SoCal Power Blackout Highlights Capitol Energy Conflict
Thursday's southern California power blackout highlights the ongoing controversy over state energy policy.
Friday, August 26, 2005
L A Department of Water and Power officials have determined that it was a faulty oil flow sensor that triggered the power line shutdown and rolling blackouts that affected half a million Southern California Edison customers. For Democrats in the state legislature, it was an example of what’s wrong with state energy policy. Assembly Utilities Committee chairman Lloyd Levine says the governor’s plan to create a state Department of Energy, which was rejected by the state Senate, does nothing to address ongoing problems. "What we really need to focus on is not rearranging the deck chairs, but putting steel in the ground, building power plants, and building transmission lines so that when one line goes down we can re-route that."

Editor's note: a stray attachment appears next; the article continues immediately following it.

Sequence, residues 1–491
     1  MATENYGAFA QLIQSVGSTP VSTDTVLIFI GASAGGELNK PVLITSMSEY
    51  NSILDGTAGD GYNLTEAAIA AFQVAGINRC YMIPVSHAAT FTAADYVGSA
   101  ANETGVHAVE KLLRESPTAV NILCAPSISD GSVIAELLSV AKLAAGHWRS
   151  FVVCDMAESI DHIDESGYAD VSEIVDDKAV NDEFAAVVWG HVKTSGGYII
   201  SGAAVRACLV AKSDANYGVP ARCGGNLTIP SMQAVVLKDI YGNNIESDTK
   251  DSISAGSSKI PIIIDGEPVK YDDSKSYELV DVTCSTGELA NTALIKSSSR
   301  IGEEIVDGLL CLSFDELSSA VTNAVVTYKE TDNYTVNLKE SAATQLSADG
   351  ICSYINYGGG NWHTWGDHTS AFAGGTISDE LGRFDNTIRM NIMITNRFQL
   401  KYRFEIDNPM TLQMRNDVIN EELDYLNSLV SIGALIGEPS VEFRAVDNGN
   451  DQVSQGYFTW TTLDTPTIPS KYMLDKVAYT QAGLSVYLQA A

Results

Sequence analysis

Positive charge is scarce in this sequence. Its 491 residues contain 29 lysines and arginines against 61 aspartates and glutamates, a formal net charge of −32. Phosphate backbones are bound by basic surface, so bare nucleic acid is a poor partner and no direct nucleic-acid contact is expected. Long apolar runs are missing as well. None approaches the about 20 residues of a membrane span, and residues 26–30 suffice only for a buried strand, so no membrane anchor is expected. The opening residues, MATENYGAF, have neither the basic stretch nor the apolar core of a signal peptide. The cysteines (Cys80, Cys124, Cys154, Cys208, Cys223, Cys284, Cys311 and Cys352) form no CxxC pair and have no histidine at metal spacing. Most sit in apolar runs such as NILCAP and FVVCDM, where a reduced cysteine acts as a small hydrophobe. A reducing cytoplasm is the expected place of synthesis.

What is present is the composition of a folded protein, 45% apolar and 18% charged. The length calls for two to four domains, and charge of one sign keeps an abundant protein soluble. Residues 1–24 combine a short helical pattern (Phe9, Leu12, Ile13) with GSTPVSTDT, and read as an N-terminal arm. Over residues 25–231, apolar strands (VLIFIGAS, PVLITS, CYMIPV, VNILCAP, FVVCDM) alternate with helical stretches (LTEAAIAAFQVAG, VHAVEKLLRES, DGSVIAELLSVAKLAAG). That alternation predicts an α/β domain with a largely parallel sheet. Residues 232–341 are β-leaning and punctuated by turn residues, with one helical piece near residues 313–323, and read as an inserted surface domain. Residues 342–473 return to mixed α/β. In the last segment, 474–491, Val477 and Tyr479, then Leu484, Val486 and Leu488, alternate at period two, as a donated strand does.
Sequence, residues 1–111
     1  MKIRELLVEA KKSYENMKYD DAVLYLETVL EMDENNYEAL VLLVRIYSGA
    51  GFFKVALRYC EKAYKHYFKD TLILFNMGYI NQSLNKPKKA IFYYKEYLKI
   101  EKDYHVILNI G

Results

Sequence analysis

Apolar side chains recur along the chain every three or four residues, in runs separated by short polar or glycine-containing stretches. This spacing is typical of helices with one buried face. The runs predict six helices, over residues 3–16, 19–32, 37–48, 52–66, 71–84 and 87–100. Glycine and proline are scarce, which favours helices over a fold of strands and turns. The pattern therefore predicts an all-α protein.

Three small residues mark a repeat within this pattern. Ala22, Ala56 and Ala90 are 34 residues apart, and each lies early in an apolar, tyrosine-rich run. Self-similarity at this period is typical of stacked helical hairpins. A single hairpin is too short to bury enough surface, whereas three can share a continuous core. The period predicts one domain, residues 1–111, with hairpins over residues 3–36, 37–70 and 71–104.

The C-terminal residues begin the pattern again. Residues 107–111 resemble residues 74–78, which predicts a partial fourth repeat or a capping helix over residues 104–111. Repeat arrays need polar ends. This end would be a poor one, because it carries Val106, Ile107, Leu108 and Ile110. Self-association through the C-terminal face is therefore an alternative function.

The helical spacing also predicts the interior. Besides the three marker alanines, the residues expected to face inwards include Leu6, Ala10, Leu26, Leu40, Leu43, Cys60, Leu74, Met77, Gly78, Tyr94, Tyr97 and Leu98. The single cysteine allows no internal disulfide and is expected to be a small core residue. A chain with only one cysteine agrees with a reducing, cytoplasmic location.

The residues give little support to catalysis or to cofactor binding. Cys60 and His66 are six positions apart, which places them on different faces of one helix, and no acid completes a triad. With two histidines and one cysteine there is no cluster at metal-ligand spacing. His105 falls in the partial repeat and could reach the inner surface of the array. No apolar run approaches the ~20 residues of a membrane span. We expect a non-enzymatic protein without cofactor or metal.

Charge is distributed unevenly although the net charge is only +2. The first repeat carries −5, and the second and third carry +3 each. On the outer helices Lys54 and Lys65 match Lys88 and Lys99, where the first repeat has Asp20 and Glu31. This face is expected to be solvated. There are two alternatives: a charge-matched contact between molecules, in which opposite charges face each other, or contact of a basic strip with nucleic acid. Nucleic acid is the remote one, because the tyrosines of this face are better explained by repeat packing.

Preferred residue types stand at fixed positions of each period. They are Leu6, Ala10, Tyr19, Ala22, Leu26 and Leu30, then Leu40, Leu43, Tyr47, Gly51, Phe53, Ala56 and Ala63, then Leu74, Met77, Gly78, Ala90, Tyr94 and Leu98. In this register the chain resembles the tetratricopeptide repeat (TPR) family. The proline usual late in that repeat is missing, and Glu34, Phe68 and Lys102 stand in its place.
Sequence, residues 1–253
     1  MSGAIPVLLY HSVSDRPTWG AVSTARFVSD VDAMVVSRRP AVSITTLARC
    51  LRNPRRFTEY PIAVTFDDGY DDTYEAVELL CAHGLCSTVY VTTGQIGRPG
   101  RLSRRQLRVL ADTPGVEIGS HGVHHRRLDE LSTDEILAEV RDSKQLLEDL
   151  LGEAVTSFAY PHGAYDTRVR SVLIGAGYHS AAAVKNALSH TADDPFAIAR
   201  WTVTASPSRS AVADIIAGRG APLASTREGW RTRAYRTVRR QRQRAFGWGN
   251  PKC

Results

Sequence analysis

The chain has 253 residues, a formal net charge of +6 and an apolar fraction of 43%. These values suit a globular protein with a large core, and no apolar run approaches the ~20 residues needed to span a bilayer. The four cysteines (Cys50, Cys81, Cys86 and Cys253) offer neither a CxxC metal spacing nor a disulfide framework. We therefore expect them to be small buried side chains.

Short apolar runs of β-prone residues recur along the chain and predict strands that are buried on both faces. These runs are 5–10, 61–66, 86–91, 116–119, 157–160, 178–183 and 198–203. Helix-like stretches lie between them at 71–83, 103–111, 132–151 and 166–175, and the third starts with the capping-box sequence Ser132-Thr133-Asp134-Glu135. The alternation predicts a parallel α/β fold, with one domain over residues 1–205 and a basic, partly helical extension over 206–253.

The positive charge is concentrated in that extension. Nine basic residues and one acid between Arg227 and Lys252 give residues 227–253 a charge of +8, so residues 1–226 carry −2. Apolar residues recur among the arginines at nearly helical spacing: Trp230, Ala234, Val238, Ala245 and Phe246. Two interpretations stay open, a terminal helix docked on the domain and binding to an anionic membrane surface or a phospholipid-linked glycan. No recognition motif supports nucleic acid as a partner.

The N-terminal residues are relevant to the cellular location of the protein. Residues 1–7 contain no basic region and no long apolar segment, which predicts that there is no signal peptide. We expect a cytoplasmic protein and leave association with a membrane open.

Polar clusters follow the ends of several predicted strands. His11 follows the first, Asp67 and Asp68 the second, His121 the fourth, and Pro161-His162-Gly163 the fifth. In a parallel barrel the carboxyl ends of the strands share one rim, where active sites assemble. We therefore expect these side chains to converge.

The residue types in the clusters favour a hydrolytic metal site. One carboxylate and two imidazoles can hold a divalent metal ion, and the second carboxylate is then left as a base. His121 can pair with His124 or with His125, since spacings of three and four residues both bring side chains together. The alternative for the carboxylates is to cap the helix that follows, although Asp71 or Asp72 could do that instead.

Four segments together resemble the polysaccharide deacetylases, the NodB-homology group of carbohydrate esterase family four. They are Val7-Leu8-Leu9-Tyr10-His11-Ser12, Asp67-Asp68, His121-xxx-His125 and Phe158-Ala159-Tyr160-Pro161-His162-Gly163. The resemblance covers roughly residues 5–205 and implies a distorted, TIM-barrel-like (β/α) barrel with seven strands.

Speaking to reporters Friday at the State Fair, the governor acknowledged the outdated energy system, but said the blackouts were a fluke. "It’s just sometimes when there’s failure of a power line, like they had on the East Coast two years ago, no matter how much energy you have, if you cannot deliver the energy, then you have no power."
Schwarzenegger has said he’ll push for an energy framework that will encourage investors to build more power plants in the state.